How to Safely Go Beast-Mode in Your Type 1 Workout

We asked professional field hockey player Tim Atkins to share how he balances Type 1 diabetes with his training regimen. Here’s what he had to say:

Nutrition plays an extremely important role in performance for all elite athletes, and more so for athletes with diabetes. The major source of fuel for active muscles is carbohydrates, which gets stored in the muscles days before exercise. What you eat after exercise also can help or hinder your athletic performance.

Athletes build their nutrition plans around competition and training times. What you eat before exercise often depends upon your personal preference, but this should be tailored around the intensity and the length of exercise. Most of the time training for a sport or playing in a game will lower your blood glucose levels, so it’s important to know how to manage this before, during, and after a workout.

You need to make sure you have consumed enough of the right kinds of foods on the day of a competition or training to have the fuel needed to perform. It’s also critical that you allow enough time for these energy sources to be digested. For a regular athlete this will generally take around 2 to 4 hours, depending upon what you’ve eaten and how much.

For athletes with diabetes, this is where things get complex. You have to match the right amount of insulin with the right amount of exercise to make use of the fuel without going low. When looking to perform intense exercise, athletes with diabetes often look to leave pre-exercise blood sugar levels slightly higher than normal to avoid the risk of hypoglycemia.

Many health care experts advise people with diabetes to reduce their insulin intake before vigorous exercise. However, this can reduce the amount of energy that reaches the muscles in very intense workouts, thus potentially reducing the effectiveness and ability to compete at the highest level. Personally, I try to keep my pre-workout insulin intake as normal as possible leading up to exercise. Blood sugars can then be raised in the 30 minutes before exercise with Energy Gels. In practice, this means increasing the amount of blood tests you do prior to an event, because beginning to exert yourself with a too-low blood glucose level is dangerous.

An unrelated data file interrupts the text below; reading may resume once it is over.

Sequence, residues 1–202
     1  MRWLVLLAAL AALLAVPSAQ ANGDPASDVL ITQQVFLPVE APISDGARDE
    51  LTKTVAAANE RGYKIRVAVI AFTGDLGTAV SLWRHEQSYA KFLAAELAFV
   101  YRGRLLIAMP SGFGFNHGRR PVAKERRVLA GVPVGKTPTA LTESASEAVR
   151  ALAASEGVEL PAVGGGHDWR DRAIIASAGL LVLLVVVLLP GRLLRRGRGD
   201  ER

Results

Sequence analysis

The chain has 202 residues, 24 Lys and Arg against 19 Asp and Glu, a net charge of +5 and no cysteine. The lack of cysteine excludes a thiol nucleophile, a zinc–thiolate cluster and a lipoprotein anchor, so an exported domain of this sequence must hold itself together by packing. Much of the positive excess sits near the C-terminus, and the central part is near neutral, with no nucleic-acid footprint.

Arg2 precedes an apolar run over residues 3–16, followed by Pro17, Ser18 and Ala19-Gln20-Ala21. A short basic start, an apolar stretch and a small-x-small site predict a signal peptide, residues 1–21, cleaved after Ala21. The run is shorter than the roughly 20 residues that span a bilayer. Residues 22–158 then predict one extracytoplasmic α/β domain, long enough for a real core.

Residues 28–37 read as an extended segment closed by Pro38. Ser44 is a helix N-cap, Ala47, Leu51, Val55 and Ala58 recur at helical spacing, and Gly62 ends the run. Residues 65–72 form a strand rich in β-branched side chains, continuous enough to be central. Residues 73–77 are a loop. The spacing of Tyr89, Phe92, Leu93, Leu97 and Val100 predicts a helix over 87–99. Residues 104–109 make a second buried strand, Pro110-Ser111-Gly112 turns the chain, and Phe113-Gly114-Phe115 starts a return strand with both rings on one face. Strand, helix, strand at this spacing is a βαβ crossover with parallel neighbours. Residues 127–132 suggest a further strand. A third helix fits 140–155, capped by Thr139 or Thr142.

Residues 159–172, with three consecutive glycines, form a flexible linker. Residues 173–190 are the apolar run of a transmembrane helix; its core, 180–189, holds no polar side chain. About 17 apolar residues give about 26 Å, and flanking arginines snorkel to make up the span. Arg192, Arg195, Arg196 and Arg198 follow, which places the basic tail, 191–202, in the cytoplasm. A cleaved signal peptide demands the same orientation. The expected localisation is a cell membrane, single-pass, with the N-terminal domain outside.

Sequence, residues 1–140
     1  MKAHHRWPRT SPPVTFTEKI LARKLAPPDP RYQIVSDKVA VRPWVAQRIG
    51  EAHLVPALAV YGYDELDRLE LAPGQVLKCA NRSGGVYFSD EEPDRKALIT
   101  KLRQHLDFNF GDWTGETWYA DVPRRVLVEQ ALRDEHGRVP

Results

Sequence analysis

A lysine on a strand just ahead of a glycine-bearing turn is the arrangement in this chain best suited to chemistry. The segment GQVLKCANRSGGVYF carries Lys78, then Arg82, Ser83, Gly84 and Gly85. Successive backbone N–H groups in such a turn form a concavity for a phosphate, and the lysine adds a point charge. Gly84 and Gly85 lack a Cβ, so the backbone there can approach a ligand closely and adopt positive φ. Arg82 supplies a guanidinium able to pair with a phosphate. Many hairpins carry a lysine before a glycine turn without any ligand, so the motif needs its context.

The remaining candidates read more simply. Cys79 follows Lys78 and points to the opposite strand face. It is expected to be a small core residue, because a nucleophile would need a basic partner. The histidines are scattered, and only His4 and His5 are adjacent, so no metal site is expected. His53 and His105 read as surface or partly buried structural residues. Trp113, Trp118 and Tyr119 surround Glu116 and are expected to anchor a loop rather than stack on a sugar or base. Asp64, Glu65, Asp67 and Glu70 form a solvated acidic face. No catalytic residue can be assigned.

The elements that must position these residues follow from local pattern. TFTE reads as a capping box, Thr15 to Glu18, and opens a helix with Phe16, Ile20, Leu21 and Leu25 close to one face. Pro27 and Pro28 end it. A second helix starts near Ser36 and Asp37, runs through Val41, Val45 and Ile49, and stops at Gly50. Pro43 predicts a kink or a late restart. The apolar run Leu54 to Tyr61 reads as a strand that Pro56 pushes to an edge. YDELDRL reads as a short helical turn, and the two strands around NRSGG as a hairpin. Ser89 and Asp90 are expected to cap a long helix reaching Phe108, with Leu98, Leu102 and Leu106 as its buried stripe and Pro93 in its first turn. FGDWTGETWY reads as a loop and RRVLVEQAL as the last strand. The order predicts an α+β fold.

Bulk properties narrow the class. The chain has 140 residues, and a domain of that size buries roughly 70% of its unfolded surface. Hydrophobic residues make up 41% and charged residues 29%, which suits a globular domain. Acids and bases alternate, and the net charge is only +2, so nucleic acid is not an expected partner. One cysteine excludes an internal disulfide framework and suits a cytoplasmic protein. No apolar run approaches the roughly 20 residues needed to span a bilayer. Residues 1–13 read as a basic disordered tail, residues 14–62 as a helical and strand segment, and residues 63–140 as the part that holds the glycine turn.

Similar rules apply for nutrition during exercise. The carbohydrates taken in during exercise provide a fuel source for the brain to maintain skills and decision-making capabilities, and reduce the feeling of fatigue. Again the quantity of carbohydrates required will depend on exercise intensity and the amount of energy stored in the muscles at the start of the event. While it’s different for every athlete, a good starting point is about 50g of easy-to-consume carbohydrate foods for every hour of exercise.

As a general rule, I would suggest that diabetic athletes keep eating as they exercise, as overeating on carbs and having to correct is a far more suitable situation than running the risk of going low during exercise.

Some points to consider on carb consumption during an event:

  • The longer the event, the greater the amount of carbohydrates required. As an overall rule of thumb, if the workout runs for over 30 minutes, you need to replenish carbohydrate levels (in addition to fluids).
  • Higher intensity exercise will burn more glycogen. Fuel stores will replenish more quickly during your game or training session, so make sure to keep an eye on this.
  • Temperature may lower sugar levels. The hotter it is, the quicker glycogen will be used.
  • Pre-exercise eating has a big impact on glycogen storage. The better an athlete’s pre-exercise meal is, the higher the stores of carbohydrate will be, and hence the more fuel that will be available for conversion during that event or session.
  • Account for adrenaline. Adrenaline can have a big effect on blood glucose levels. It’s normal to run higher at the start of a competition because of the hormone. So just make sure you factor that into your diabetes management plan.
  • There is no one-size-fits-all strategy here. What works for one athlete and gives them a good supply of glucose may make another’s stomach turn, so learn this while training and test new things.
  • Stay hydrated. Dehydration is a threat for any athlete. You need to keep drinking plenty of water even after you’ve finished working out. Not only will dehydration make you sick, but it may also make your blood glucose levels spike.

Because you’ve used a lot of your body’s stored glucose, you need to replenish it. That means eating enough carbs after a big workout to keep blood glucose from dipping. Even after moderate-intensity activity, it’s important to be careful for hours afterward. For people with Type 1 diabetes, blood glucose levels can drop even 48 hours post-exercise.

Remember that everyone is different and finding the right nutrition regimen to support your training is all about trial and error. Be prepared to test yourself as much as you can, and work with the consequences to treat yourself.

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Tim Atkins is an athlete with Type 1 diabetes who has trained and competed at an international level in field hockey. He currently is playing in the English & Australian field hockey premier leagues. He blogs about Type 1 diabetes athletics and training.

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